Flow State: How to Get in the Zone

With all of life’s challenges, it can be difficult to find your flow and go with it. But when we are able to cultivate our presence in the midst of daily activities, we can fully experience the joy of each act.

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As you have very likely experienced through mindfulness practice, our ordinary state is one of mind wandering—a state in which our attention drifts between the present moment and thoughts about past and future. When we practice presence, we begin regularly shifting our attention back to the present moment whenever our mind wanders.

Turning attention into engagement is similar. Think of it as “directed presence” or as cultivating presence in the midst of the activities we engage in, whether it’s brainstorming with colleagues, working out, catching up with our partner, or putting our kids to bed. Psychologists have a name for this state of full engagement. They refer to it as “flow.”

Mihaly Csikszentmihalyi, one of the first psychologists to carry out research on this experience, talks about it in his book Flow: The Psychology of Optimal Experience. He describes flow as “the state in which people are so involved in an activity that nothing else seems to matter; the experience itself is so enjoyable that people will do it even at great cost, for the sheer sake of doing it.”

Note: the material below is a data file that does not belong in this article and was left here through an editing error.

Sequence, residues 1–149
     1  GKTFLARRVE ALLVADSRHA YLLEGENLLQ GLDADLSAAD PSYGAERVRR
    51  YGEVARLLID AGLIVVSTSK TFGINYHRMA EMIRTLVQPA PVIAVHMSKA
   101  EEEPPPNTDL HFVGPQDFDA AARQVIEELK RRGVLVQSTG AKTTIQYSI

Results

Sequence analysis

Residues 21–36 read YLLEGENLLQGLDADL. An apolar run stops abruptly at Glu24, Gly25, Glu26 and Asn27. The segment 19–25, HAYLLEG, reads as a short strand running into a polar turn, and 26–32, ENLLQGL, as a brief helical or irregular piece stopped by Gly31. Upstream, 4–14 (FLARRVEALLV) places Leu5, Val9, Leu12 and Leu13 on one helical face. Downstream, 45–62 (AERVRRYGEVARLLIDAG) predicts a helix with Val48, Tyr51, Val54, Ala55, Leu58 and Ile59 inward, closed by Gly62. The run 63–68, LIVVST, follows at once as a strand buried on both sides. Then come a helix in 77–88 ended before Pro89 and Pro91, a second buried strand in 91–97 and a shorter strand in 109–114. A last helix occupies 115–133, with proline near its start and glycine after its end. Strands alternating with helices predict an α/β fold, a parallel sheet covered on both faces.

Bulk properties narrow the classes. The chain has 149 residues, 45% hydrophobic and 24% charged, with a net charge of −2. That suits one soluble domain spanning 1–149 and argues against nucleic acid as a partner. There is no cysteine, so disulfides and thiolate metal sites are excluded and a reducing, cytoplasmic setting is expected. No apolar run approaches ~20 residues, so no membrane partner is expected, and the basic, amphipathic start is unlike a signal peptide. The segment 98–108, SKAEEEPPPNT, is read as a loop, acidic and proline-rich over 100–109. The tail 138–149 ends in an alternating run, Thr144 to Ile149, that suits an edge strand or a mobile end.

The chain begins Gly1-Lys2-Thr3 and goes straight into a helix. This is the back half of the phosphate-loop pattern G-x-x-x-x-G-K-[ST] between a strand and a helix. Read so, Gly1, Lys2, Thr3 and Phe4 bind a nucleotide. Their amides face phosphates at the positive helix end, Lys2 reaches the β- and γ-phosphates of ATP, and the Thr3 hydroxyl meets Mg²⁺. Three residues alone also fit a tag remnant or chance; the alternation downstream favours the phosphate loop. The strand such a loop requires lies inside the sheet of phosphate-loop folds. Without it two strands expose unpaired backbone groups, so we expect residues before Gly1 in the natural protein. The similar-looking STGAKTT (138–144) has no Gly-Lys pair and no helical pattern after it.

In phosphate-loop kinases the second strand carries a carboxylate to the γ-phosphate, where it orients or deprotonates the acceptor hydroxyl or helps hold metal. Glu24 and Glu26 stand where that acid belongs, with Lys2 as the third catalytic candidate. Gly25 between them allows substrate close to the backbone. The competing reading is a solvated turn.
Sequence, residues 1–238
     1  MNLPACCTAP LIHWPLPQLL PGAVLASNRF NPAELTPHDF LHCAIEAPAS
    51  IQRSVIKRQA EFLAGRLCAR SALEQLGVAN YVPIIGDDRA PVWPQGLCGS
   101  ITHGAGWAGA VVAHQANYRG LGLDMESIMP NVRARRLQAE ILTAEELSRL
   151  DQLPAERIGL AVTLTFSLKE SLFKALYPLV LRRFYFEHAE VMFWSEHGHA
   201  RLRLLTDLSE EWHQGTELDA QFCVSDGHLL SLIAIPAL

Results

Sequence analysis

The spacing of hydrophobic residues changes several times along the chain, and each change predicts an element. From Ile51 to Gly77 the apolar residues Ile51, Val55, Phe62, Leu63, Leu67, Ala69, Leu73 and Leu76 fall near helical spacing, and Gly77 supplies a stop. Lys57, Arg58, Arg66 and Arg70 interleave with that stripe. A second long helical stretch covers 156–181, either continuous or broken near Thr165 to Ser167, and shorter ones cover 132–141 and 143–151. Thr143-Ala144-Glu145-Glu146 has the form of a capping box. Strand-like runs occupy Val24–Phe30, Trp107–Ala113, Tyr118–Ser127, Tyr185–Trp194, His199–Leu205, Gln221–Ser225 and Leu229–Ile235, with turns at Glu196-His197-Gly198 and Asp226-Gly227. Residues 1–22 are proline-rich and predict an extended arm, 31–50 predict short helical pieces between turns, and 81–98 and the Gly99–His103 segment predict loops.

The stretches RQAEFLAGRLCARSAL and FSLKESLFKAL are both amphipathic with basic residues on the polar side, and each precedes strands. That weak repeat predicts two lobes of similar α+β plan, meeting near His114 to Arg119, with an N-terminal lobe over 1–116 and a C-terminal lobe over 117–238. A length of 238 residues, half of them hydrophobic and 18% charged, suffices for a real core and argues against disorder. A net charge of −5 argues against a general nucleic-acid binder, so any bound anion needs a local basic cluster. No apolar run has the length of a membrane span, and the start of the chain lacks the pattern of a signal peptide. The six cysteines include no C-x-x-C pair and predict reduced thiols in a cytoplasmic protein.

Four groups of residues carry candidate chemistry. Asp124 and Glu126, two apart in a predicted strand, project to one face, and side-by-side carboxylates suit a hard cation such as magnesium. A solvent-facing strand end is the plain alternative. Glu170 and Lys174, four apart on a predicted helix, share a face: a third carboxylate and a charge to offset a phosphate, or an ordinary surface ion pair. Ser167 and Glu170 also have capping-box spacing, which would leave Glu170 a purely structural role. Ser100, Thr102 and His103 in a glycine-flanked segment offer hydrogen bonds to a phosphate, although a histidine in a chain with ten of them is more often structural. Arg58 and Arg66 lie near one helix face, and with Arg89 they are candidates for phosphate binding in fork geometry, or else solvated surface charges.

Linking Mindfulness and Flow

By definition, you can experience presence any time, anywhere: lying on the beach, walking to your car, or sitting in traffic. It can be either passive or active. Flow, on the other hand, is a purely active state that feels almost effortless. According to Csikszentmihalyi, the ideal conditions for flow arise when “both challenges and skills are high and equal to each other.”

Many top athletes, artists, and intellectuals describe this experience. Greek tennis champion Stefanos Tsitsipas recently described the dramatic shift between when he’s playing normally, versus when he’s playing in a flow state: “It felt like I was in a cage and someone decided to unlock it. I suddenly felt free. Every decision I went for felt right,” he said. “It brings you to another level. You’re not playing with your skill any more, you’re playing with your soul.”

Flow doesn’t always come naturally. We often have to resist the temptation of short-term pleasure to get there.

Buster Williams, the legendary jazz bassist, recalls his experience playing with Miles Davis that led to a heightened state of engagement. “With Miles, it would get to the point where we followed the music rather than the music following us. We just followed the music wherever it wanted to go.”